Risk of disgrace to the nation is still out there
The very integrity of the State is at stake as the groundbreaking mobile licence dispute moves on, writes Elaine Byrne
'THIS case is absolutely uni-que, without pre-cedent or parallel in the 90-year history of the State. . . There has never been anything like it."
Mr Justice Adrian Hardiman went on to say that if the corruption alleged by the two unsuccessful bidders for the State's second mobile phone licence in 1996 were proven, "it would disgrace the nation and the State".
Judge Hardiman and his four Supreme Court colleagues published their written judgement last Wednesday, giving their reasons why legal claims by the unsuccessful bidders, Persona and Comcast, should not be struck out for delay but should be allowed to continue to seek damages from the State on the basis of a claim that the competition was corrupted by Denis O'Brien and Michael Lowry.
Esat was sold a relatively short time after acquiring the licence to British Telecom in 2000 for IR£2.3bn.
This is not going away.
If Persona and Comcast prove the alleged "fraud, deceit and corruption against the State itself, a government department, the individual minister who then headed the department and who remains a member of Dail Eireann and against the wealthiest businessman in Ireland", the State may become liable to them in damages.
While it is not clear whether any unsuccessful bidder, even on succeeding in their action, would be compensated for lost profits and while only one of the bidders could have won the licence, at the very least it would appear that bidders in such an allegedly flawed licence competition could potentially recover their expenses and outlay as bidders. If any bidder was entitled to be compensated for lost profits, the cost to the exchequer could be enormous.
Apart from the potentially devastating financial consequences to the exchequer, at a time when the State can least afford it, the arguments put forward by the State for striking out the Persona and Comcast claims, were astonishing.
This is about the very integrity of the State.
We are only at the very beginning of a new chapter. A chapter completely different to the tribunal. The purpose of that 13-year inquiry was to investigate facts and make recommendations, but not to punish individuals through civil or criminal sanction or to impose liability.
If the allegations of the plaintiffs are proven "they would amount to amongst the most serious factual determinations made by a court in this jurisdiction since the foundation of the State", according to Mr Justice Frank Clarke.
Why did the State's "ludicrous" argument fail? What of the extraordinary dilemma the State now finds itself in? How did the State respond to Persona last week?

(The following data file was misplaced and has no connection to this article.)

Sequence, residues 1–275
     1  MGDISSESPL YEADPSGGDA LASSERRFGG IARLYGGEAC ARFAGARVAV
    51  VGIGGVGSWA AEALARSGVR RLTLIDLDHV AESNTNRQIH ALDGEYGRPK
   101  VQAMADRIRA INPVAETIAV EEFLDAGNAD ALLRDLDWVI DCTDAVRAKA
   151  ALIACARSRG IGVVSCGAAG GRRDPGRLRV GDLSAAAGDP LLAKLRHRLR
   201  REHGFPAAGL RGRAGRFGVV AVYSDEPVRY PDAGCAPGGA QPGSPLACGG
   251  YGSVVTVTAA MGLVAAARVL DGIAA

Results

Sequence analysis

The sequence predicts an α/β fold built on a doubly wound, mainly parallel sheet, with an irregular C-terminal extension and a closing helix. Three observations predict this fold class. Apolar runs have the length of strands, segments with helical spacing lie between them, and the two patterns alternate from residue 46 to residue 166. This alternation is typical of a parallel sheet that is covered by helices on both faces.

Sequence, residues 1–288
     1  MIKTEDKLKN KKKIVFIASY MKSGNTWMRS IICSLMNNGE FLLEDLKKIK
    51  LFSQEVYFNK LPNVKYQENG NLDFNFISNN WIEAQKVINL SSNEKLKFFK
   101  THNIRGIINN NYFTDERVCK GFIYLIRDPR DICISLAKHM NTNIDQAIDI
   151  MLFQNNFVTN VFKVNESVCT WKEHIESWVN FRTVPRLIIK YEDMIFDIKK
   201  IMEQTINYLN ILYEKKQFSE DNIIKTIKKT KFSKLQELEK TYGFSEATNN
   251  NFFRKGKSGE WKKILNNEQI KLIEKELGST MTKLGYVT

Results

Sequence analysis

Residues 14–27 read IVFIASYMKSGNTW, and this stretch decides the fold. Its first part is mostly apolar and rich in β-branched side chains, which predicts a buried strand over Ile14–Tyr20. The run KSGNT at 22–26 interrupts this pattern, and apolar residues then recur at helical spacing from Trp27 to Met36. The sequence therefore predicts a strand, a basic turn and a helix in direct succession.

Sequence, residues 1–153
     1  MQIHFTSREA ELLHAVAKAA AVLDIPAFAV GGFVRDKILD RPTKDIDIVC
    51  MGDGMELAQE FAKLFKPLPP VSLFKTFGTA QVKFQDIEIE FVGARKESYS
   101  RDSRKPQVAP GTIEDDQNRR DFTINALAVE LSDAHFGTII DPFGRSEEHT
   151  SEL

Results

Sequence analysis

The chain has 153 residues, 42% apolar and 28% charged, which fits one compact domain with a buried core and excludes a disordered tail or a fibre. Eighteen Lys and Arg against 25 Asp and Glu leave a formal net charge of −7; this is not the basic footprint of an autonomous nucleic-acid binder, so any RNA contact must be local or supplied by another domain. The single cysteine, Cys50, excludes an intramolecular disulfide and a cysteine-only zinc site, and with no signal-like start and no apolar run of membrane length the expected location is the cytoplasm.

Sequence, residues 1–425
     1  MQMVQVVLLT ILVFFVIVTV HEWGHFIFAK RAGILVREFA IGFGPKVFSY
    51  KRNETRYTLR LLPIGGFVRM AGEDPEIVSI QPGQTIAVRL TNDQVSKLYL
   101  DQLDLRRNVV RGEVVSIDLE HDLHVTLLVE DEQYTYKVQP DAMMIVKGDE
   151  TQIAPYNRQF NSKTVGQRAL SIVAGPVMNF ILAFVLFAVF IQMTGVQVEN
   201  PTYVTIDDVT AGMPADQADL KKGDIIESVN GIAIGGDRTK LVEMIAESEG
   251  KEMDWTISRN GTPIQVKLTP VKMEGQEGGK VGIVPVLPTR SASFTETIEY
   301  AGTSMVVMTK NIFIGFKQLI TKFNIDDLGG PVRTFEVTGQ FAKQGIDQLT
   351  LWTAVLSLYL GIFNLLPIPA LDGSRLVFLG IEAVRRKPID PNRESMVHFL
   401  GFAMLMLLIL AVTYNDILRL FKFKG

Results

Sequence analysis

Persona and Comcast first challenged the mobile licence award in 2001. The State secured High Court orders in 2007 stopping the cases against it on grounds of inexcusable delay. It argued that the bidders failed to deliver a statement of claim within the deadline and thereby forfeited the right to pursue their case.
Persona and Comcast contended that the delay was due to the complexity of the case, the allegedly covert circumstances of the money trail, and the repeated denials of all wrongdoing by the State.
They were waiting for the tribunal to conclude so that they could consider all of its evidence before pleading their case.
Nonetheless, the State claimed that the bidders "were not entitled to await the hearing of evidence at the tribunal at all", Hardiman noted with emphasis. The judge appeared to be exasperated by this line of logic. "What were the plaintiffs to do except await the evidence at the tribunal?" he asked.
Justice Nial Fennelly also found in Persona and Comcast's favour, noting the "strong evidence" which suggested that the State "were fully aware and conscious of the fact" that the bidders were awaiting the outcome of the tribunal "but took no action to compel the plaintiffs to proceed with their claims or to have them dismissed".
The State also argued that Persona and Comcast had various procedural options at their disposal, such as a "pre-statement of claim discovery of documents" which may have enabled them to plead their case without awaiting tribunal evidence.
Hardiman's patience had clearly expired, and he described that logic as "wholly lacking in reality. . . it is ludicrous to think that the persons and entities who went to great trouble to hide what was allegedly done would willingly supply evidence of it on discovery or otherwise".
Justice Liam McKechnie said this was an "entirely unrealistic" step given that the tribunal still took a decade to unearth the evidence despite its extensive powers.
The inconsistencies of the State case became even more apparent in the argument that the lapse of time between 1995 and 2012 precludes the prospect of a fair trial.
Yet, on the other hand, within a few weeks of advancing that exact argument, the State had sought to overturn a High Court judgement where a trial of a criminal allegation had been prohibited on the basis of a lapse of time of between 39 and 47 years.
"This line of authority," Hardiman said, "implies an unspoken suggestion that the State should be treated differently to the individual citizens as litigant."
The State is not a law unto itself. The same rules apply to all.